SALT LAKE CITY — Robert John Liddiard’s family was afraid.
Liddiard had gone off his medication for schizophrenia and began calling his father Satan, telling his parents to repent and casting evil spirits out of their Holladay home.
His sister called his psychiatrist, who suggested they wait until his next appointment. And his parents summoned police, who came by at a time when Liddiard wasn’t home.
His parents did not survive the weekend.
Liddiard, 53, admitted Wednesday that he stabbed them to death on Nov. 4, 2017, believing that Satan had already murdered them and then took over the bodies of Robert Liddiard, 85, and Diane Liddiard, 78.
Their son pleaded not guilty by reason of insanity as many of his family members wept in a Salt Lake courtroom. A crying Liddiard was then immediately ordered into the custody of the Utah State Hospital, capping off a case that many said illustrates the shortcomings of the state’s mental health system.
Third District Judge Mark Kouris said it’s not Liddiard’s fault he has Capgras syndrome, a rare condition that leads a person to believe that an imposter has taken the place of someone, usually a family member.
Under the odds, “he could have gotten the skills of Michael Jordan,” Kouris said, but instead developed an illness the system is not equipped to handle. Despite its wealth and intellect, the United States does a “horrible” job of handling mental health, especially for those who have abandoned their medications, the judge said.
“Being in this courtroom, I see it every day,” Kouris added. “It’s just not fair, and I wish we had better answers.”
He ordered Liddiard to a term in the state hospital equivalent to life in prison without the possibility of parole, the penalty in Utah for a conviction of aggravated murder if the death penalty is taken off the table. Liddiard faced two counts of aggravated murder.
Several of his family members said they love him but fear what could happen if he is ever released from the state facility, where he has been since April 2018. Doctors there helped him reach a point in November where he was found competent to stand trial.
“We are still piecing our lives back together,” his sister Julie Brinkley said. If not supervised, Liddiard believes he is no longer ill, stops or changes his medicine, then spirals into paranoia, believing he is in hell and his family members aren’t who they say they are, she said.
Others said Liddiard went off his medications because they made him groggy and he wanted to be more productive doing volunteer yard work for his church and reading to schoolchildren. They said he managed to conceal his symptoms until they became an emergency.
“His illness is a monster and it hides,” said his brother David Liddiard.
Liddiard’s eldest son, Daniel, recalled that his father could be caring at times and unresponsive or angry at others, sometimes saying things like, “You’re not my real son” or “You don’t exist.” He said he’s forgiven his father ahead of time for not being a part of future milestones.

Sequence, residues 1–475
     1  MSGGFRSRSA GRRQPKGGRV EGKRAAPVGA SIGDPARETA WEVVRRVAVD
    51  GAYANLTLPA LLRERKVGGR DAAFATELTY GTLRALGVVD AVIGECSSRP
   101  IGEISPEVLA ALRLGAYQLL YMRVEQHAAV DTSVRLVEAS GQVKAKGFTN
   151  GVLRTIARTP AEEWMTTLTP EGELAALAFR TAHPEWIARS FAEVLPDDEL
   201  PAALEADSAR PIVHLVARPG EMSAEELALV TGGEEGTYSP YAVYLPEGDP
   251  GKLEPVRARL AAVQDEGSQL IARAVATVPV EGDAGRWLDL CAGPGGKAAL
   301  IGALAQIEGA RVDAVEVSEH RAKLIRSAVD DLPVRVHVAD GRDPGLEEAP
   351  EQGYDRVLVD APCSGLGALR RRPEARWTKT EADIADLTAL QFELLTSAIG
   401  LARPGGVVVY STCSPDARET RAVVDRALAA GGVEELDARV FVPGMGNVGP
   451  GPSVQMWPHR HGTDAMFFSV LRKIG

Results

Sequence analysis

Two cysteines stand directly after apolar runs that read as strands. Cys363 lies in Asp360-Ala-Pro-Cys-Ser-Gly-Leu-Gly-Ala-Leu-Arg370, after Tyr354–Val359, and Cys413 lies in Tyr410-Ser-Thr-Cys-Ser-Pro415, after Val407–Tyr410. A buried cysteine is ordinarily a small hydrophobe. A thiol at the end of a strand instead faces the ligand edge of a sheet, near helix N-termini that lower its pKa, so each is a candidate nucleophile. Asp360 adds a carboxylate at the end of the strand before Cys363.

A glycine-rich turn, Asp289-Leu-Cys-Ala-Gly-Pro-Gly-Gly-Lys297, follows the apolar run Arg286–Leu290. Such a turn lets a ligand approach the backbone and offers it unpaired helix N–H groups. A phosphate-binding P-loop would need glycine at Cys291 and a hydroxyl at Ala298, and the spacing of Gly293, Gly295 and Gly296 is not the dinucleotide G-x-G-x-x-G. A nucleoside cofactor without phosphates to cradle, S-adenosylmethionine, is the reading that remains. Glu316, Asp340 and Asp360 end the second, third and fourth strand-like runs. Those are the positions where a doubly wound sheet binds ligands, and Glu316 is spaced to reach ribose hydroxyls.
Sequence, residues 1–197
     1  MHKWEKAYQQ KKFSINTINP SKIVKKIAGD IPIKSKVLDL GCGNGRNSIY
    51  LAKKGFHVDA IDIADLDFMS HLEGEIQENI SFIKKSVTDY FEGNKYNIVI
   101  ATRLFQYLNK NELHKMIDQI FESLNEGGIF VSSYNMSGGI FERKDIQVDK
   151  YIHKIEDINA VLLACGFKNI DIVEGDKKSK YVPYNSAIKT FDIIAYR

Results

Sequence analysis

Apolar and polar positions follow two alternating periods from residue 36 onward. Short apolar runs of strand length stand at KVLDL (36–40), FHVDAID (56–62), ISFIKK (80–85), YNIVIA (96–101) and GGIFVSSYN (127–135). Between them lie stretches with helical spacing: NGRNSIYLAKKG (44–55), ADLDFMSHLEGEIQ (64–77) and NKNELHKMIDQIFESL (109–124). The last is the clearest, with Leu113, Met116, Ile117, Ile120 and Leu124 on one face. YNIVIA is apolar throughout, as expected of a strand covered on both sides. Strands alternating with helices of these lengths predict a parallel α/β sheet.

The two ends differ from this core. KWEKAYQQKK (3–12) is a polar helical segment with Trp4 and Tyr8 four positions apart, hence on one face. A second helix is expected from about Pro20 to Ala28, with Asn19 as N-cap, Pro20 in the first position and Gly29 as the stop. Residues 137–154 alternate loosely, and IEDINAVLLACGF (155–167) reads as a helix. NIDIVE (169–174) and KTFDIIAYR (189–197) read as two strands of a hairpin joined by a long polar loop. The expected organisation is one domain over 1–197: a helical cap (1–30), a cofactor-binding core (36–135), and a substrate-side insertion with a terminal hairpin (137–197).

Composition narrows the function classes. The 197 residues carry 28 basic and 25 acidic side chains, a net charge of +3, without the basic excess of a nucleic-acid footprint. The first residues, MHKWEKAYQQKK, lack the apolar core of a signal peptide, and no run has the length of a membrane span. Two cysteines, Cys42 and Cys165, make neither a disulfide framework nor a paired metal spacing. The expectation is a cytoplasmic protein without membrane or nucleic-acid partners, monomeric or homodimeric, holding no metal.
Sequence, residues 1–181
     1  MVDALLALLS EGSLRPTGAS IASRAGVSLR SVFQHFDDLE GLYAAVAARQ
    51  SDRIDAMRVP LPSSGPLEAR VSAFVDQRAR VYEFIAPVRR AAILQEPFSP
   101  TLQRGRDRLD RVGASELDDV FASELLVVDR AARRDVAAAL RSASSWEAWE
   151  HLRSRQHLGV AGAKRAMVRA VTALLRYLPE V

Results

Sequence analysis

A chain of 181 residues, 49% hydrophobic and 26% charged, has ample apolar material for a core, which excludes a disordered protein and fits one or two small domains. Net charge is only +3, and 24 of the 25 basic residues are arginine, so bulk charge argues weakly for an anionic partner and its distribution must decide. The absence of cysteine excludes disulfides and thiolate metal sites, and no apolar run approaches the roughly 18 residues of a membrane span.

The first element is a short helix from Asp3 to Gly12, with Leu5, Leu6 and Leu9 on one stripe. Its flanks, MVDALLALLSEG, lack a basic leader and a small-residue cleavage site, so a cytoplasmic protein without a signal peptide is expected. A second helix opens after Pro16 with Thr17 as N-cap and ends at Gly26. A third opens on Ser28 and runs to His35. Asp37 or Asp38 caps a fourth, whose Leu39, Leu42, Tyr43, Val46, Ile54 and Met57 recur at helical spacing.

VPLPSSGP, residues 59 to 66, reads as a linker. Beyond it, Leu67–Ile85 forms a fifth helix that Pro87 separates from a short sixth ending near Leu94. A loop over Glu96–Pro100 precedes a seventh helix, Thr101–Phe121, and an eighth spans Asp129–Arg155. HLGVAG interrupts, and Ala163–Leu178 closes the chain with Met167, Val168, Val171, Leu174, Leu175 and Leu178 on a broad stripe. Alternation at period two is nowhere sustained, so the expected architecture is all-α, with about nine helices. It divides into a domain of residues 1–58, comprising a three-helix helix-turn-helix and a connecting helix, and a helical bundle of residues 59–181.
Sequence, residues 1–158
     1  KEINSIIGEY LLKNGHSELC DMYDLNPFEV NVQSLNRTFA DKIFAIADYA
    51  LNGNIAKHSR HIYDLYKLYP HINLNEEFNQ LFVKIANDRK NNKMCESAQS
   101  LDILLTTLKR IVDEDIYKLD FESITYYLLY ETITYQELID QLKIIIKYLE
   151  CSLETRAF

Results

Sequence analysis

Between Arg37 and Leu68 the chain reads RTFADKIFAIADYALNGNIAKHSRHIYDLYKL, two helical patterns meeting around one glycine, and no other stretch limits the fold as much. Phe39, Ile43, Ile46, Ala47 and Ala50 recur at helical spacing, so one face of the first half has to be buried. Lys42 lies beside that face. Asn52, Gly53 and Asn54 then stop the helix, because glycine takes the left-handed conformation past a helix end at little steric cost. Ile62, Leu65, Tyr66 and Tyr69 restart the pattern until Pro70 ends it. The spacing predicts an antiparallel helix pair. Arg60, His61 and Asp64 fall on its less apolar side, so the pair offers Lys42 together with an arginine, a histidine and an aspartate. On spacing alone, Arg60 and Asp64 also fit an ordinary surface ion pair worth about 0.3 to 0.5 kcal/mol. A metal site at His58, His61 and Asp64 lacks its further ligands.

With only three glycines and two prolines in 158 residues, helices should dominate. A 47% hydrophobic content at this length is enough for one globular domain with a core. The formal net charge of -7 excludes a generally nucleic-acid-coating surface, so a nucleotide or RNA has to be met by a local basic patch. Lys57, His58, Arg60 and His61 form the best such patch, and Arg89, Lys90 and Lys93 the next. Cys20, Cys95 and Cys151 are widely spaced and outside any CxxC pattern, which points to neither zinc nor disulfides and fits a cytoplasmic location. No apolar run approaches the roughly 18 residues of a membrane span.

Mental health expert Nancy Cohn testified that Liddiard is among 1% to 15% of schizophrenic people who have been diagnosed with Capgras. There are crisis teams at the the University of Utah’s Neuropsychiatric Institute and Volunteers of America that can respond in such cases, she noted, but his family’s attempts to get help through other avenues failed.
“That’s really the tragic, tragic part of this case,” Cohn said.
After two years of treatment, Liddiard recently reported that he knows he killed his father but maintains that his dad appeared to be Satan at the time, Cohn said. It means he still has some ideas of delusion, which appear resistant to medication.
“Monitoring the delusion is going to be important,” Cohn said.
Other states have centralized systems that track the mental health of those who plead not guilty by reason of insanity, she added. Yet Utah does not provide the kind of close monitoring Liddiard would likely require in order to someday be safely released from the psychiatric hospital, she said.
His illness is a monster and it hides.
If that does not change, prosecutor Joshua Graves said it’s important that Liddiard remain in the Provo hospital. But defense attorney Neal Hamilton said he does not expect his client to ever be released.
Hamilton fought tears throughout the hearing.
“This case has broken me,” he said.
His client, shackled and wearing a black suit, hung his head and said when his psychiatrist asked him if he had ever thought of killing his parents, he replied “no.”
“I know that I can’t apologize enough, because that doesn’t bring my parents back,” Liddiard said, his eyes filled with tears. “I love them and I’m sorry for what I’ve done.” He clutched a handful of tissues as he was led out of the courtroom.
The case has inspired a Democratic state lawmaker who lives in Liddiard’s former neighborhood to propose a bill in the 2020 Legislature, which convenes Jan. 27. Minority Whip Rep. Carol Spackman Moss seeks to make Utah’s insanity defense available to more mentally ill defendants. She could also be seen crying in the courtroom gallery Wednesday.
“This is the best possible outcome in a very tragic case,” Moss said.